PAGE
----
The dismal (and seemingly never-ending) history of American military involvement in Iraq and Afghanistan over the past 15 years has understandably induced war weariness throughout most of the political class as well as the wider public. Donald Trump would probably not be President of the United States had he not denounced the Iraq intervention. Like presidents Bush and Obama before him, Trump entered office proclaiming an aversion to “nation-building.” And like both of his predecessors, he nonetheless has no easy way out of the two conflicts triggered by the events of 9/11, and may well be on the verge of expanding to Syria the American military’s involvement in the region. As General David Petraeus once remarked in a rare moment of fatigue: “Tell me how this ends.”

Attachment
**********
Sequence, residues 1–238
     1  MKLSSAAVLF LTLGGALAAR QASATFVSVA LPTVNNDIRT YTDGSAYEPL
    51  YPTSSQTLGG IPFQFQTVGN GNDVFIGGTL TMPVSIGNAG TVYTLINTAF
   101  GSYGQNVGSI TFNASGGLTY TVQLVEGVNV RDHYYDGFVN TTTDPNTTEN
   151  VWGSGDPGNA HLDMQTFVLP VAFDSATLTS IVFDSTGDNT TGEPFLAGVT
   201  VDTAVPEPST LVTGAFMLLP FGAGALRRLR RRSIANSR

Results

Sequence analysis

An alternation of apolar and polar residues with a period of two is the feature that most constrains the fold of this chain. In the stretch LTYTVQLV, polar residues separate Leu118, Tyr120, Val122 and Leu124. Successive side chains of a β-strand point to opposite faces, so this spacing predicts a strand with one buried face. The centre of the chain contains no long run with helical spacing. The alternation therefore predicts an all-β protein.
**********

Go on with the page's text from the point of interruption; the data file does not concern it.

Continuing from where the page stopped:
In some ways, the current depressing situation in the Middle East is an even greater indictment of American policy than was our failure in Vietnam. In that conflict, the United States faced a wily and tenacious enemy, backed by two major powers, in a very inhospitable environment, and with a much narrower technological inferiority. The U.S. lost scores of aircraft to North Vietnamese air defense systems; it has not lost a single plane to hostile fire in the Middle East. Our enemies in this theater may be tenacious, but they are ill-equipped and frequently lack elementary military skills. What’s more, they are internally divided and for the most part indifferently organized. And yet at the end of the day, the same may have to be said of the outcomes of these conflicts as was famously pointed out by a certain North Vietnamese colonel: you may have won all the battles, but that is irrelevant—we won the war.